Building The Knowledge

London Taxi Photo: David Iliff, License: CC-BY-SA 3.0

The classic source of information for a newcomer in any major city was the taxi driver. Usually they knew their city in detail and would drive you around the important features, (for a fee of course,) while educating you in the politics and the comings and goings of the important and beautiful people of the place. Now the GPS has replaced that detailed mental map and you get more politics and gossip than education.

London, though, is hanging on to tradition. GPS units are not for the London cabbie who needs to find short cuts to dodge the usual traffic jams. The cabbie’s job needs more brain than can be found in a little box of electronics. Flexibility and instant decisions are required in addition to the map.

To get a Hackney Cab License in the City of London, a potential cab driver has to study hard to acquire “The Knowledge”. It can take about four years to pack the details of 320 routes around Charing Cross into one's brain. Details, details and more details have to be instantly recalled. How many of us could instantly recall any one of 25,000 different streets let alone not fail to mention one of 20,000 landmarks when asked.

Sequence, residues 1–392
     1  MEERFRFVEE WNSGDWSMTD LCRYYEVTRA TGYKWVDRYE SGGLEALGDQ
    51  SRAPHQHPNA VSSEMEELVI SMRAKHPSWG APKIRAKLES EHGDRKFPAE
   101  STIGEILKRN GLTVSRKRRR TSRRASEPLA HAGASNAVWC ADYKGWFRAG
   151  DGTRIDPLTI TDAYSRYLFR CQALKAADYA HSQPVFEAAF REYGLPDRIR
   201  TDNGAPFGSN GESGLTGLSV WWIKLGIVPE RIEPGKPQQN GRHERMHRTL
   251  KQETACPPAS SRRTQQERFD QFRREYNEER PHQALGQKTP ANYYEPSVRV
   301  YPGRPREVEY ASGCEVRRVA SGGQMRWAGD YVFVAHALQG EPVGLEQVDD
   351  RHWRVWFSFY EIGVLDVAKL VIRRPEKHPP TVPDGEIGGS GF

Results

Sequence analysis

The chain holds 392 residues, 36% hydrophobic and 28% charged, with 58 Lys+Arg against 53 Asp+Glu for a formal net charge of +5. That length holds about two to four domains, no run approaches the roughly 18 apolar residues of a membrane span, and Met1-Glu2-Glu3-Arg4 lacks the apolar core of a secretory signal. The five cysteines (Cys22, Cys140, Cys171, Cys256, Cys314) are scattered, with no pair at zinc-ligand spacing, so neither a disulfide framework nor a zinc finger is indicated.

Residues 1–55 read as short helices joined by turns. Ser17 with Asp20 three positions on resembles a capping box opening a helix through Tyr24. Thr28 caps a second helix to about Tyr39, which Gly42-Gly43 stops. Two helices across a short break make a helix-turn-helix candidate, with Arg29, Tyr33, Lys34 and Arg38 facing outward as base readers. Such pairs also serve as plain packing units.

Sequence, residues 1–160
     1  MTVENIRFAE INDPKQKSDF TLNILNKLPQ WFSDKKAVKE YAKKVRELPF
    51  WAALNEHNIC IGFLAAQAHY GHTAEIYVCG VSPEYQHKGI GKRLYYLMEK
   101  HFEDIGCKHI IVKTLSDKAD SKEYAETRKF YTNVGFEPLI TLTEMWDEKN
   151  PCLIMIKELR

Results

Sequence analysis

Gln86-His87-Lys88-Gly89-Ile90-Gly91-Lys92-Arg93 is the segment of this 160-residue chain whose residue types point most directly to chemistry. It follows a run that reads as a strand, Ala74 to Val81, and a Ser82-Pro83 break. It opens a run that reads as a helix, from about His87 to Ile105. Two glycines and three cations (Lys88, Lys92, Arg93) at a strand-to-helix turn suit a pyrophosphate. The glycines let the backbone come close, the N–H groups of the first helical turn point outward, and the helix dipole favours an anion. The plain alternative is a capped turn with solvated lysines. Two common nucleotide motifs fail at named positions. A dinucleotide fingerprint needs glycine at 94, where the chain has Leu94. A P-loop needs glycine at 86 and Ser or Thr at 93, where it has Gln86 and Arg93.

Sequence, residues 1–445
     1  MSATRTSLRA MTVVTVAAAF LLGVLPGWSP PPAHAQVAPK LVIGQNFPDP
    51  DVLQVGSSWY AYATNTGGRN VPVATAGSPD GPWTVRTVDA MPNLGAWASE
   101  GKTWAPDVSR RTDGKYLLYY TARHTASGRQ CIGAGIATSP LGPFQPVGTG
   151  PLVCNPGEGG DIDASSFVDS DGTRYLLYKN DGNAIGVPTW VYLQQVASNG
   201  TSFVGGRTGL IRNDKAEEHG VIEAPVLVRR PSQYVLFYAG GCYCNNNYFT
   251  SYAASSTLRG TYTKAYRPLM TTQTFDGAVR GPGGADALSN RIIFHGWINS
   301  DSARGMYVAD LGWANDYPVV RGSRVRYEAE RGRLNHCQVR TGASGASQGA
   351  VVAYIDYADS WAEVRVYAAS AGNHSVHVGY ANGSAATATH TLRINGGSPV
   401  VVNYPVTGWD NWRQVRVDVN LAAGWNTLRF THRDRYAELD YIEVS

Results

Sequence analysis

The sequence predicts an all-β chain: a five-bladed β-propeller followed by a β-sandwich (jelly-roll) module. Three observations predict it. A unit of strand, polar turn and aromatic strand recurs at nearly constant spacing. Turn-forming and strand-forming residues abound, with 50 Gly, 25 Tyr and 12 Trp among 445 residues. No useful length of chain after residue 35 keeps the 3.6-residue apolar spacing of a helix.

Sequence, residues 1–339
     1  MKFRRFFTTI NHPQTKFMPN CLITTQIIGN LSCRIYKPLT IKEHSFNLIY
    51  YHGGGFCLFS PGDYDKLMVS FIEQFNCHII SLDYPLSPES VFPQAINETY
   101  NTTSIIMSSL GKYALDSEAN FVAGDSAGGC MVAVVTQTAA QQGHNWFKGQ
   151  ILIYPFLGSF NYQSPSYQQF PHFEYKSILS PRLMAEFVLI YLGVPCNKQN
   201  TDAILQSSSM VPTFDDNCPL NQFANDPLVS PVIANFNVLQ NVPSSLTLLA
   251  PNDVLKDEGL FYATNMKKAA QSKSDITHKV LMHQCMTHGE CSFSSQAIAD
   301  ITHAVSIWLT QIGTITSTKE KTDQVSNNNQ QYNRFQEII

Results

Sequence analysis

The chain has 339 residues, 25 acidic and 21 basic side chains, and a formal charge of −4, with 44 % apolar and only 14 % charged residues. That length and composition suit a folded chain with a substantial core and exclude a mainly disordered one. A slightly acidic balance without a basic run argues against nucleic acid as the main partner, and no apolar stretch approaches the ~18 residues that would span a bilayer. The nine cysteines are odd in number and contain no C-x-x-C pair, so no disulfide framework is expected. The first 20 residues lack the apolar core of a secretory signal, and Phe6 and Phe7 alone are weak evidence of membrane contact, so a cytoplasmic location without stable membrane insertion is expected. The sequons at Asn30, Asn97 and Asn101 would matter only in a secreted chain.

That’s a lot of “Knowledge” to stuff into anyone’s head and Woollett and Maguire of U College have followed the stuffing process with 79 prospective London cabbies. Of course, the big magnet was rolled out and fMRI scans were done over the four-year training period (along with controls of course).

Some of the candidates showed increasing gray matter building up in the front part of their brains, their posterior hippocampi to be exact.  These guys passed the test and got their licenses. The ones whose brains didn’t change failed and are now going by bus.

It is interesting to note that their heads didn’t get bigger to accommodate the fresh gray matter. It appears that the failing potential cabbies were able to do better on complex visual memory tasks than the passing ones. So it seems that the spatial memory required for  “The Knowledge” takes up a lot of space and crowds out other functions. All part of the price for getting a license to drive the rich and famous as well as you or I, I suppose. 
  2. K. Woollett & E.A.Maguire, J. Curr. Biol, (2011), doi: 10.1016/j.cub.2011.11.018

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